For weeks now, a debate has raged at the Board of Supervisors Land Use and Economic Development Committee over how to reform the appeals process under the California Environmental Quality Act, also known as CEQA.
Under the state law, projects that would have a significant impact on the environment must undergo extensive environmental analysis to determine how to mitigate those impacts. Smaller projects can do other mitigation work or receive an exemption. The CEQA decisions are appealable to the Board of Supervisors.
Supervisor Scott Wiener proposed an appeals reform months ago and Supervisor Jane Kim has a more recent counter proposal. The two supervisors sit on the committee and have been hashing out their legislation with board President David Chiu arbitrating. Monday was the third hearing on the legislation.
While Chiu offered more amendments to Wiener’s legislation in an effort to reach a consensus that could then go to the full board for a vote, the larger debates remain unresolved. They include when the clock should start ticking for someone to file a CEQA appeal — either at the project’s first approval or any time through the final approval. For some advocates, waiting until final approval is pivotal.
“The thing that keeps that developer at the negotiating table is the CEQA appeal,” said Eric Brooks, a community advocate engaged in the negotiations. “That’s just reality. We need that.”
Also, debate continues on how The City would determine whether changes to a project are significant enough to allow for an opportunity to appeal… (more)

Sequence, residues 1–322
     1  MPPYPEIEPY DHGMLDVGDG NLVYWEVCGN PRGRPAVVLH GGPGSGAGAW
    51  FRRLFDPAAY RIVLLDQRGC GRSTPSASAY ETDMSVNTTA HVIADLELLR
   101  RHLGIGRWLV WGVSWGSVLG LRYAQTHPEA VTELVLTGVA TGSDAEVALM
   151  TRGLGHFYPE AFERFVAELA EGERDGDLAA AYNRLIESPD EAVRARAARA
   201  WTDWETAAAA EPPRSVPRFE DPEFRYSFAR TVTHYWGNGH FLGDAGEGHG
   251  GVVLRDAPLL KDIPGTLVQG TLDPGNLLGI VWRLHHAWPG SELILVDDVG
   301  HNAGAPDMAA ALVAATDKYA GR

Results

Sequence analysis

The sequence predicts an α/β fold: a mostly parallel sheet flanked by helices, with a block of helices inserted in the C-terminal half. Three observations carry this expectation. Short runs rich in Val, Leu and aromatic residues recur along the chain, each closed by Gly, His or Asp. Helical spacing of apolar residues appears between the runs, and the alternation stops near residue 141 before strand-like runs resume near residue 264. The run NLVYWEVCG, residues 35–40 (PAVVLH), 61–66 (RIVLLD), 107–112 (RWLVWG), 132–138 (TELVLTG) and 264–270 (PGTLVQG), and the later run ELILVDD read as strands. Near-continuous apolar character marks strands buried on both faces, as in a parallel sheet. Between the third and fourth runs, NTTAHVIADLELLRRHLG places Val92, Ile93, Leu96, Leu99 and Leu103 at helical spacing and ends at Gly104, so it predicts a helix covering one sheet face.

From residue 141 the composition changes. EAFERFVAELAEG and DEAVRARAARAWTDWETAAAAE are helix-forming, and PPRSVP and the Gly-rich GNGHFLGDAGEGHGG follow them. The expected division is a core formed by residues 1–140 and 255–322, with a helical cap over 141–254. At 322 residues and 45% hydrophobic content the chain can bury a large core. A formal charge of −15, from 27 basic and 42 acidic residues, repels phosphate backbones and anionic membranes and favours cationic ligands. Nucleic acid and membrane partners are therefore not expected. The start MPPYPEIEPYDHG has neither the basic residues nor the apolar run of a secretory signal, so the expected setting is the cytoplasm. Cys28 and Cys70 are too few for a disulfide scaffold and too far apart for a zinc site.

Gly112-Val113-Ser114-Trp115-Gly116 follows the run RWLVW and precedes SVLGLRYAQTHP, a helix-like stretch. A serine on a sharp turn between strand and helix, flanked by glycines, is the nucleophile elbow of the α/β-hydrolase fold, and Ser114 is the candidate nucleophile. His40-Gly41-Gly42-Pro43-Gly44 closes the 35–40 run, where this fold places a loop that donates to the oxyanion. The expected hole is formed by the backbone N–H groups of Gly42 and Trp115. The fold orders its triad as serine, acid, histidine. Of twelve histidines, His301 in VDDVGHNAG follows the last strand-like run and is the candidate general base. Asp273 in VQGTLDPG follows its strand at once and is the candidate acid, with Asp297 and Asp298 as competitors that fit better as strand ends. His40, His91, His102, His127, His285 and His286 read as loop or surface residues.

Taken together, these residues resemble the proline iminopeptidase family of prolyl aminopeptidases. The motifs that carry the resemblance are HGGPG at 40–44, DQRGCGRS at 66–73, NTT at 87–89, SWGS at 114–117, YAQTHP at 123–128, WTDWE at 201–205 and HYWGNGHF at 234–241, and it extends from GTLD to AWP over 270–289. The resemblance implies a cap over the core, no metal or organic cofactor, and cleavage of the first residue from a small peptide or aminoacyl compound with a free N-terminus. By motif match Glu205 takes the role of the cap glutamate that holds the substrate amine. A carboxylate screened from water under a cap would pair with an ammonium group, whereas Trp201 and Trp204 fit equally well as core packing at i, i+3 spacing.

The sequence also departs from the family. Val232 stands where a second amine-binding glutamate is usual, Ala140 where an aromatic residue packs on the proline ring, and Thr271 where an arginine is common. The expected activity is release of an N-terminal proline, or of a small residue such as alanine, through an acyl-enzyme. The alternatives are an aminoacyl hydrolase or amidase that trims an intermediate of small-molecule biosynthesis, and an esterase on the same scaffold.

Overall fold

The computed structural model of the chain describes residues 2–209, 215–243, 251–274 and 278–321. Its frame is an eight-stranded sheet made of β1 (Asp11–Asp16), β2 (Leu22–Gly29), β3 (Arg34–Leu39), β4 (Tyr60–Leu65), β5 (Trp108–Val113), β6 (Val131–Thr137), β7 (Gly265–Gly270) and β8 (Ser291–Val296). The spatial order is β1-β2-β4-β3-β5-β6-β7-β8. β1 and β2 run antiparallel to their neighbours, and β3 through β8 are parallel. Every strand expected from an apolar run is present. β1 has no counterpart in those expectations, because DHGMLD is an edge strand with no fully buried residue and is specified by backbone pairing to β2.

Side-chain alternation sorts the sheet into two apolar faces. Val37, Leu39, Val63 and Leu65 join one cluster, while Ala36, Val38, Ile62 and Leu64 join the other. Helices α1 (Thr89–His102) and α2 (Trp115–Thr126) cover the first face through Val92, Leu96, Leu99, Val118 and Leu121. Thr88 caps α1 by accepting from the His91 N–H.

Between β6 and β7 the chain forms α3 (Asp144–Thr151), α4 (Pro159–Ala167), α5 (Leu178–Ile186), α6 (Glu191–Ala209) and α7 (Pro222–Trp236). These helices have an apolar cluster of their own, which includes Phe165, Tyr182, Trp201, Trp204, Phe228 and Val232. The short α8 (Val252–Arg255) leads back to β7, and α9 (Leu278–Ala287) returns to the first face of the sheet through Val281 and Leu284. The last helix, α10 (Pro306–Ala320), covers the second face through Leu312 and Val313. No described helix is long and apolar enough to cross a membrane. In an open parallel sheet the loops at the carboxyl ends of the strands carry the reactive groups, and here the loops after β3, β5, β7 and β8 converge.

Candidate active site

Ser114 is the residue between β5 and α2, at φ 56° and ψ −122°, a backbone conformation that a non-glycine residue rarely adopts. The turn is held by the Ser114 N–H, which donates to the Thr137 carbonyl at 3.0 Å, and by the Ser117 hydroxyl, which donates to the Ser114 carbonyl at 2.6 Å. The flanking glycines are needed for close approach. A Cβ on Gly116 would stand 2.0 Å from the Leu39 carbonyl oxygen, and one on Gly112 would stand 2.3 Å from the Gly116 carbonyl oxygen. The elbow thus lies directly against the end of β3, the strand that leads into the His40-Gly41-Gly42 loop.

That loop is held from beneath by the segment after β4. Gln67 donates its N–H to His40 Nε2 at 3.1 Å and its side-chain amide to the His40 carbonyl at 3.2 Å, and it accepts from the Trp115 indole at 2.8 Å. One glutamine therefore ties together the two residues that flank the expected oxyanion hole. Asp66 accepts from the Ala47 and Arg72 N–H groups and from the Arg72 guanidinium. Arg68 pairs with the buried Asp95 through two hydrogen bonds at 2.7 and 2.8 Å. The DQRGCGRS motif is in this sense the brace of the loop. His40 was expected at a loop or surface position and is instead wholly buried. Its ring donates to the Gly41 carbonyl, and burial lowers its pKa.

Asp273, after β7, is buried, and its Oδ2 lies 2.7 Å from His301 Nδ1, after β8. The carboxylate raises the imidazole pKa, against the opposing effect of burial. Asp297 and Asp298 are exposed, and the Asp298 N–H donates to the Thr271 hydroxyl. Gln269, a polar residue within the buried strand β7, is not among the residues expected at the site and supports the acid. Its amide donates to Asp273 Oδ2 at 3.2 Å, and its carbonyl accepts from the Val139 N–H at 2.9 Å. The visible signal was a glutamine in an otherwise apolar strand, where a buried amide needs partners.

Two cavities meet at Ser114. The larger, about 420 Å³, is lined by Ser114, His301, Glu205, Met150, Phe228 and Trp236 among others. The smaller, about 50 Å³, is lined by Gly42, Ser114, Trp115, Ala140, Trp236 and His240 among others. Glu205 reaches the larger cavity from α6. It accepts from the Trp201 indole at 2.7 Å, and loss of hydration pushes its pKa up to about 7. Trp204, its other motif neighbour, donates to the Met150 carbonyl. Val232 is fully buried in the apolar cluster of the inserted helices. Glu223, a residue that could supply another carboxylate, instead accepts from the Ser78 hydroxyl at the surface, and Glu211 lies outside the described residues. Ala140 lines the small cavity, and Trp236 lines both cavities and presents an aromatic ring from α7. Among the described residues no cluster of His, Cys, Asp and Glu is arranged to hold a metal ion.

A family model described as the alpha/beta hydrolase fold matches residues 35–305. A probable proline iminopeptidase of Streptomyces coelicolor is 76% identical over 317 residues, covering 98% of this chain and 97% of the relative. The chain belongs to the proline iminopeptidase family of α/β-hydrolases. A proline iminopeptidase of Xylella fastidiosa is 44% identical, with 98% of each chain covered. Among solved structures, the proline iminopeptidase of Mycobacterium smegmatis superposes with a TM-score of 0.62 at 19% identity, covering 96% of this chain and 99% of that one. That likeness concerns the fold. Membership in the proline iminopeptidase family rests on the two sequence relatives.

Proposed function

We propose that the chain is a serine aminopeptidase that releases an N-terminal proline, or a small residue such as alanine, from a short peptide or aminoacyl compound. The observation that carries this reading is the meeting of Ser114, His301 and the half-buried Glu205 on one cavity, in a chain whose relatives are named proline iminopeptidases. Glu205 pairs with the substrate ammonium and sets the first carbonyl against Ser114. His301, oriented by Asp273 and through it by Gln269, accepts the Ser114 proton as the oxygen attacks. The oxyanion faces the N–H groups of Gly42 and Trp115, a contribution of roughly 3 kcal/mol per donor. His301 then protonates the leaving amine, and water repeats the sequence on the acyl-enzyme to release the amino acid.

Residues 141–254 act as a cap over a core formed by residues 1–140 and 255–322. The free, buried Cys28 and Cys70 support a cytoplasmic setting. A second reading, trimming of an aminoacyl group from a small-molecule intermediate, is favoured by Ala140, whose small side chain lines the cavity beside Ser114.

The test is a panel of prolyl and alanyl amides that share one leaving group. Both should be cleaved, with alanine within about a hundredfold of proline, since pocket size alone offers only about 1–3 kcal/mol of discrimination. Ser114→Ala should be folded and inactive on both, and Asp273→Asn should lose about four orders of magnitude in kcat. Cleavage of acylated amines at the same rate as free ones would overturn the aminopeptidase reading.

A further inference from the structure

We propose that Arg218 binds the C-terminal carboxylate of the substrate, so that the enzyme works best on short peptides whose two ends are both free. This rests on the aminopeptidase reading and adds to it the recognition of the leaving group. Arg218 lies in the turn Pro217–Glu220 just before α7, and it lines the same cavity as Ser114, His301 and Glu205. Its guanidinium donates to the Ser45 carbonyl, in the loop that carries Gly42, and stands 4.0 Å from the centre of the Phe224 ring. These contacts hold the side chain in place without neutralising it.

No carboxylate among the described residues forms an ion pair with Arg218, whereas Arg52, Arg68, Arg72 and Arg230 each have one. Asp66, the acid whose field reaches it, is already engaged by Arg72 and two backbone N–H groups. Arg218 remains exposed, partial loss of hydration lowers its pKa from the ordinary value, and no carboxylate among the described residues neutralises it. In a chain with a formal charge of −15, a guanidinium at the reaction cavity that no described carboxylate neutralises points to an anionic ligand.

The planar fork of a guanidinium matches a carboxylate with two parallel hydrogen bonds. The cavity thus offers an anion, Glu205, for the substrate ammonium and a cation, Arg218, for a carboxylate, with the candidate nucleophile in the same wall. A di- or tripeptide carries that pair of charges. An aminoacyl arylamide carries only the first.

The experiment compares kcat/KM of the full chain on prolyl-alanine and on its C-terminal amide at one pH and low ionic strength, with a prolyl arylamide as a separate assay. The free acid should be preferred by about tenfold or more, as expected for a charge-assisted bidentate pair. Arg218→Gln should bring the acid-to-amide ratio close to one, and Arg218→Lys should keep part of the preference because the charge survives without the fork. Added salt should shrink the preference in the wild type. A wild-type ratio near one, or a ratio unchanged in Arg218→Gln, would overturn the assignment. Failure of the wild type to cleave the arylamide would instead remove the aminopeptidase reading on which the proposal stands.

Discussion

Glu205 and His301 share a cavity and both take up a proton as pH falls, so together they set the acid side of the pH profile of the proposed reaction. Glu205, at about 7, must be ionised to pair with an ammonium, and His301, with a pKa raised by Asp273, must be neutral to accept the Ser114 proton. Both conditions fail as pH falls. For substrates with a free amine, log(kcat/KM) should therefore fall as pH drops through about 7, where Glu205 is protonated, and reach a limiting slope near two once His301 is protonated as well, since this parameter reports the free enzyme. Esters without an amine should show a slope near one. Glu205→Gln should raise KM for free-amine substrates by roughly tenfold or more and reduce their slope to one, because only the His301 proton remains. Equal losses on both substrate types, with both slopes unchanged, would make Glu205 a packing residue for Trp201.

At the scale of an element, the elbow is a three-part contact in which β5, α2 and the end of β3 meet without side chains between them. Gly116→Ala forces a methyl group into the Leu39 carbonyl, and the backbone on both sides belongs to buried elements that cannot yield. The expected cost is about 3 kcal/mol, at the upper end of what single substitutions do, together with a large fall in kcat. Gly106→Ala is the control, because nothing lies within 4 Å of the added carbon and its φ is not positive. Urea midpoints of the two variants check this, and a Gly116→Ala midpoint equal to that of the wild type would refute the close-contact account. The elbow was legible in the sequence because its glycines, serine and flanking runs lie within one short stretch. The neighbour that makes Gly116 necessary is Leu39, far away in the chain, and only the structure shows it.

Support Supervisor Kim in CEQA showdown

Support Supervisor Kim in CEQA showdown

Michelle Myers and Mike Casey : sfchronicle.com – excerpt

Forty-three years ago in the midst of a new national environmental consciousness, forward-thinking California lawmakers passed the California Environmental Quality Act. That law – along with the Clean Air and the Clean Water acts – has helped preserve the promise of California as a clean and green state even as it has grown to be a state of some 38 million people. In the nation’s most populous state, CEQA has helped reduce and avoid environmental impacts.
But CEQA is now in danger of being weakened in San Francisco, and Supervisor Jane Kim is working to defend it. The attack on CEQA in San Francisco is part of a broader assault on environmental protection happening statewide and nationwide. Business is driving the attacks, making overblown and unsupported claims that CEQA and other environmental laws are to blame for the economic downturn…
Concerned San Franciscans reacted by organizing. A vast coalition of people representing more than 40 neighborhood, environmental, labor and social justice groups came together to protect CEQA. Since last fall, members of that coalition have been drafting alternative legislation that modernizes the act in some places and strengthens public notification in others. Kim is sponsoring that legislation…
Kim’s legislation is trailing Wiener’s measure in the legislative process at City Hall. People concerned about preserving and strengthening CEQA should contact their supervisors and board President David Chiu, and ask them to ensure that Kim’s legislation establishes the basis for improving CEQA…. (more)